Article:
Markets read reticence into Reserve Bank Governor’s words – and Mainfreight and Sky TV promise growth and recovery.
The rampant property market has now been joined by a rampant kiwi dollar after the Reserve Bank slowed down moves to cut the official cash rate into negative territory.
“Progress has been made on the bank’s operational ability to deploy a Funding for Lending (FLP) programme and a negative official cash rate. The monetary policy committee agreed that these instruments can be mutually supportive in bolstering economic activity if necessary,” the Bank said.
The aim of the FLP is to lower the cost of borrowing for businesses and households, thereby supporting economic activity and employment and helping keep prices stable.
Reserve Bank Governor Adrian Orr acknowledged economic activity since the August Monetary Policy Statement, both international and domestic, had proven to be more resilient than earlier assumed.
However, he also noted both headline and underlying inflation were below 2 percent, inflation expectations were subdued, and employment was assessed to be below its maximum sustainable level.
The kiwi dollar quickly responded to the inference that negative rates are on the back burner for now, jumping almost half a cent to 68.9 US cents (at 10pm Thur).
The decision also means interest rates here are above rates in Australia, where the RBA has cut the cash rate to 0.1 percent. As a result the kiwi also rallied against the Aussie dollar trading at 94.21 Australian cents up from around 93.75 cents prior to the statement’s release.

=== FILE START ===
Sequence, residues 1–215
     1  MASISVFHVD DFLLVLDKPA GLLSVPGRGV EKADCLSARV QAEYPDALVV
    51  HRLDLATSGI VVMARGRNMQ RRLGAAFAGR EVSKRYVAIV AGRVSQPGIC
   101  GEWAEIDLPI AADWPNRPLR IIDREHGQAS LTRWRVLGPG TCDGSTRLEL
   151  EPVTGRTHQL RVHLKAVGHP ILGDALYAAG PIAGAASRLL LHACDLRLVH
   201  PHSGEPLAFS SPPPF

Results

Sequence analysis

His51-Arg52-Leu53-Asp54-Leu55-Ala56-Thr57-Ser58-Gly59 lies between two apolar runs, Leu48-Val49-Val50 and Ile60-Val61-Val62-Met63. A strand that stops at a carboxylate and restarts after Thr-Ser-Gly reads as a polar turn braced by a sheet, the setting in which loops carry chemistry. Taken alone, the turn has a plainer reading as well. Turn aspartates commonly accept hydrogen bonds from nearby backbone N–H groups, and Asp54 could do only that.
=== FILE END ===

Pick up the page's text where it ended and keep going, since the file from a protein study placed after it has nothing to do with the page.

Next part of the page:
The trade-weighted index was at 72.98, from 72.44 yesterday.
Share market investors did not seem unduly concerned by the prospect of less stimulus as a result of the OCR remaining unchanged. After trading as high at 12,762 intraday, the NZX50 lost some of its early gains closing up 0.4 percent at 12,666.
Orr said he had been called by “every bank CEO” asking for loan-to-valuation ratios to be reimposed, a move he said was likely to happen in March next year. However Finance Minister Grant Robertson said he would like to see them reimposed “as soon as possible.”
Mainfreight shares hit $60 after earning lift and increased dividend
Mainfreight shares briefly touched a new all-time high of $60 yesterday after the company lifted its half-year dividend to 30 cents per share.
The global logistics and transport firm also forecast improvements across all its regions as it continues to increase its market share, despite the impact Covid is having on many of the international markets it services.
As supply chains and shipping conditions become more challenging due to the pandemic, the company said reliability is becoming a key metric for customers who are even willing to pay a premium for reliable, high-quality freight providers.
“The current conditions are, however, providing opportunities for more growth and attracting new customers, as they look for improved service and more certainty in their freight and inventory management,” managing director Don Braid said.
Mainfreight’s revenue rose 7.2 percent, or $108.4 million, to $1.61 billion in the six months ended Sept. 30, with its net profit up 23 percent at $72.9 million.
Braid said the strength of consumer spending in domestic economies had been underestimated heading into the pandemic and that strength had been demonstrated in freight networks.
Mainfreight shares rose more than 3 percent to $60 in early trading yesterday having jumped $20 in just for months.
Sky Network Television upbeat about its outlook for FY21
It has been a while since Sky Network Television announced a lift in its guidance.
In a sign that CEO Martin Stewart might be finally beginning to turn things around at the struggling broadcaster, the company cited growth in direct satellite customers and lower year-to-date annualised churn for an improved outlook for FY21.
The company now projects revenue for the 12 months to June next year at between $680 million and $710 million, up from a September estimate of between $660 and $700 million.